For chronic pain, opioids are often used with nonopioid analgesics, such as nonsteroidal anti-inflammatory drugs (NSAIDs), or adjuvant analgesics, such as gabapentin (an antiseizure drug) or tricyclic antidepressants. Nonopioid analgesics, such as acetaminophen, are sometimes combined with opioids in a single tablet.
Doctors usually monitor the response to opioids to determine whether opioids are effectively controlling the pain and/or people are having side effects. Based on this information, doctors determine whether continuing opioid therapy is appropriate. As the pain lessens, doctors reduce the dose of the opioid gradually, and when possible, they stop the opioid and switch to or continue to take a nonopioid analgesic.
Opioids provide long-term relief for only some people who are treated with them, and usually, they only partially relieve the pain. Some people decide to stop taking opioids because the pain relief is insufficient or because they cannot tolerate the side effects.
Opioids have many side effects. Side effects are more likely to occur in people with certain disorders: kidney failure, a liver disorder, chronic obstructive pulmonary disease (COPD), untreated sleep apnea, dementia, or another brain disorder.
The following commonly occur when opioids are used:
Less common side effects of opioids include
Retention of urine
Involuntary contraction of muscles (called myoclonus)
A dangerous slowing of breathing
Drowsiness is a common side effect of opioids. For some people who take opioids, drowsiness disappears or decreases within a few days. If people continue to feel drowsy, a different opioid can be tried because the degree of drowsiness caused by different opioids varies. Before an important event that requires alertness, people may be given a stimulant drug (such as methylphenidate or modafinil) to offset the drowsiness. For some people, drinking a caffeinated beverage helps offset the drowsiness. When feeling drowsy after taking an opioid, people should avoid driving and take extra care to prevent falls and accidents.
Confusion can also result from taking opioids, especially if people are older. Opioids increase the risk of falls in older people.
Nausea sometimes occurs in people with pain, and opioids can increase the nausea. Antiemetic drugs taken by mouth, suppository, or injection help prevent or relieve nausea. Some commonly used antiemetic drugs are metoclopramide, hydroxyzine, and prochlorperazine.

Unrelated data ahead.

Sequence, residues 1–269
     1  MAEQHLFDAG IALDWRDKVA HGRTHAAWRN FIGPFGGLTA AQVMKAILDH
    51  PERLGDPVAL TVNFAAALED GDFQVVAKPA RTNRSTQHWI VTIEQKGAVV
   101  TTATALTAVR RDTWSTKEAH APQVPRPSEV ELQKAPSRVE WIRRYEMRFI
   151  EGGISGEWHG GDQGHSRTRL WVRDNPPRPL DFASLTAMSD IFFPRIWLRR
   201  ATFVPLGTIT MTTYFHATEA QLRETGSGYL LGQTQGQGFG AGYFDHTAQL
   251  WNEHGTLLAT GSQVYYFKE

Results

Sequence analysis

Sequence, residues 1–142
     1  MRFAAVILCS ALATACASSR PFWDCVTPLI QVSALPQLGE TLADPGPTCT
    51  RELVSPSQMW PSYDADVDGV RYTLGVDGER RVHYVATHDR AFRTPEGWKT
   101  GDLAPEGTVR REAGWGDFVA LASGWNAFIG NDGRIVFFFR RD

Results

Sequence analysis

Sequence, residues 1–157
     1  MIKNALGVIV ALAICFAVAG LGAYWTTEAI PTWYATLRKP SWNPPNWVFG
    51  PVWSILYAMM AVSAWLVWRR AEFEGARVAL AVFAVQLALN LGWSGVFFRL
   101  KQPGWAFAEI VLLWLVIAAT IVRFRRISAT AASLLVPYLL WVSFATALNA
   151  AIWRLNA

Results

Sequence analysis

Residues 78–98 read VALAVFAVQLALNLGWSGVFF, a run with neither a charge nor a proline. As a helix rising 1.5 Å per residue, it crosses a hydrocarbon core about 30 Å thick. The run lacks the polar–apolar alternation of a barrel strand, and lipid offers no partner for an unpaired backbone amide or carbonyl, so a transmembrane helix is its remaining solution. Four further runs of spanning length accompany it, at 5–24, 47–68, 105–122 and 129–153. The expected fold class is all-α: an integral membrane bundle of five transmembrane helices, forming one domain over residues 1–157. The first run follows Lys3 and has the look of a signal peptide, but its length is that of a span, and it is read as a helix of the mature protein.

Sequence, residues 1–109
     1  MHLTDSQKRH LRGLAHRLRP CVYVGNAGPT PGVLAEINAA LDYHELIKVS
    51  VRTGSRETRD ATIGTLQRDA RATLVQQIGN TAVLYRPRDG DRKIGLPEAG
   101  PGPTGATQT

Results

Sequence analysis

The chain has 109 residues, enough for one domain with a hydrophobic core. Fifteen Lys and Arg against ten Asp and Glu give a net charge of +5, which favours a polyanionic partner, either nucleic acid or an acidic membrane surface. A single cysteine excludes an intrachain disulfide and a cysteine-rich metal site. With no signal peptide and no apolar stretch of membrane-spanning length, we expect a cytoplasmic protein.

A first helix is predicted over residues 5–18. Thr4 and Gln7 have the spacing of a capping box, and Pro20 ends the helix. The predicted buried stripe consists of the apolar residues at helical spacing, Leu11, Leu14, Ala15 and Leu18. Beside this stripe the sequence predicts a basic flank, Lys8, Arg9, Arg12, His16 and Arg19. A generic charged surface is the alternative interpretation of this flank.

The itching caused by taking opioids may be relieved by an antihistamine such as diphenhydramine, taken by mouth or given intravenously.
Constipation often develops, especially in older people. Stimulant laxatives, such as senna, help prevent or relieve the constipation. Increasing the intake of fluids and the amount of fiber in the diet can also help. Osmotic agents such as polyethylene glycol can also be useful. These agents pull large amounts of water into the large intestine to stimulate bowel movements. Some people need enemas. When these measures are not effective, doctors may prescribe a drug (such as methylnaltrexone) that blocks only the effects of opioids in the stomach and intestine and does not lessen the pain relief.
Retention of urine can result from taking opioids, especially in men with an enlarged prostate. Trying to urinate a second time after a brief pause (double voiding) or applying gentle pressure on the lowest part of the abdomen (the area over the bladder) during urination may help. Sometimes a drug that relaxes muscles of the bladder (such as tamsulosin) is used.
For most people, nausea and itching disappear or decrease within a few days. But constipation and retention of urine usually decrease much more slowly, if at all.
Serious side effects can occur when people take too much of an opioid. These side effects include a dangerous slowing of breathing (respiratory depression), coma, and even death. The following adds to the risk of developing respiratory depression and of dying from respiratory arrest:
Some of these side effects can be reversed with naloxone, an antidote usually given intravenously or sprayed into the nose.
For people who are at increased risk of opioid side effects (including respiratory depression), doctors may prescribe naloxone when they prescribe the opioid. Nurses and family members or caregivers should watch for serious side effects of opioids and, if such side effects occur, be ready to inject naloxone or spray it into the person's nose. Doctors or pharmacists usually teach the person taking the opioid and family members or caregivers how to administer naloxone.
Tolerance occurs in some people who take opioids repeatedly over time. They need higher doses because their body adapts to and thus responds less well to the drug. However, for most people, the same opioid dose remains effective for a long time. Often, the need for a higher dose means that the disorder is worsening, not that tolerance is developing.